The Biden administration announced Monday the expansion of a nutrition program, born amid the start of the pandemic, that could provide more food to nearly 2 million children throughout Kentucky, Ohio, and West Virginia this summer.
The Pandemic Electronic Benefit Transfer, or P-EBT, program started last March to provide money to low-income families whose children were missing meals normally received at school, programs that were disrupted by the pandemic. Funds are loaded onto a card for individual families to purchase food for their children. The program is now being expanded through the summer, providing food dollars for families alongside the existing food distribution programs run by districts.
Chrissy Musser is the food service director for more than 1,500 students at Meigs Local School District in southeastern Ohio, one of many low-income districts in the Ohio Valley where all students are qualified to receive free breakfast and lunch. Musser said this expansion could be a major benefit for her students, helping reach some students who miss out on summer food distributions.
“Meigs County is one of the poorest counties in Ohio. I literally see on a daily basis the food insecurity issues that our families face,” she said. “If there’s an opportunity for them to have a little bit extra stability, then I absolutely have to advocate for that.”
Musser added transportation to physically get food to children is also a major issue in Appalachian Ohio, as some families may be geographically isolated or lack the transportation to receive food.
“If their basic survival needs aren’t met, then they can’t learn. Period.” Musser said. “If we can make sure that we’ve met those needs, and certainly hunger is a big one, then they’ve got the building blocks they need, to do what they have to do in school. So, it’s kind of a big deal.”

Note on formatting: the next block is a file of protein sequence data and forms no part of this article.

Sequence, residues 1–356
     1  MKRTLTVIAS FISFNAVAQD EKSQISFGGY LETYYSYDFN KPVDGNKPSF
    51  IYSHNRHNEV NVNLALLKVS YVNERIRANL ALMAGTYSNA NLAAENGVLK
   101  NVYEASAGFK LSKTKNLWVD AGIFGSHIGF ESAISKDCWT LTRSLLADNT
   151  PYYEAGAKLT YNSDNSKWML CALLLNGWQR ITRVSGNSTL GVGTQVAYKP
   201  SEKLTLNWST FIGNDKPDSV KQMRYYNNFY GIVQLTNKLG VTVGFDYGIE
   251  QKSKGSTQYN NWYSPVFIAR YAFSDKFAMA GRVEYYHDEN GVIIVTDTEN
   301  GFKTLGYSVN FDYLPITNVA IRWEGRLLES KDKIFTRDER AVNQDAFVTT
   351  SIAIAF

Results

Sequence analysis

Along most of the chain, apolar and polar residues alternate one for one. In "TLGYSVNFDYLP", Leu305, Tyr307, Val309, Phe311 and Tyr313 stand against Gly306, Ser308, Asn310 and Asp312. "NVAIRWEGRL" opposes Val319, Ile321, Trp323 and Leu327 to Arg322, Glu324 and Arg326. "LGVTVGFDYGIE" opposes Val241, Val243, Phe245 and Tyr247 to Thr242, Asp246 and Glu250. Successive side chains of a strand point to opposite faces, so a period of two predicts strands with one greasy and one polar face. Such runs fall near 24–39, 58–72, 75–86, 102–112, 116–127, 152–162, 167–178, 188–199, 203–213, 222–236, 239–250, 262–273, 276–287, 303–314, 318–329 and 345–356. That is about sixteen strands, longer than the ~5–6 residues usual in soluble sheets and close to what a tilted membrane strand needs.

The P-EBT expansion could also spur the local economy, according to one analyst. The Department of Agriculture estimates Kentucky, Ohio, and West Virginia combined will receive more than $710 million through the expansion. Jessica Klein, a policy associate with the left-leaning think tank Kentucky Center for Economic Policy, said the money freed up by family food funding could potentially be spent on other items and bills.
“Families use that money at a local grocery store chain, in convenience stores near their homes. So it really does help with the local economy,” Klein said.
Klein said those with P-EBT benefits can also use them at their local farmer’s markets in Kentucky, allowing for more access to local, fresh produce and directly benefiting local farmers.
Chris Derico, the child nutrition director for Harrison County Schools in West Virginia and incoming vice president of the national School Nutrition Association, said there may be some uncertainty about how the amount of P-EBT benefits will be determined, but his district is supportive of efforts to make sure children have the nutrition they need.
“If we’re all worried about our stomachs and how we’re feeling, we’re not gonna be paying attention to what’s going on in the classroom. So, it’s the foundation to get the learning process started,” Derico said.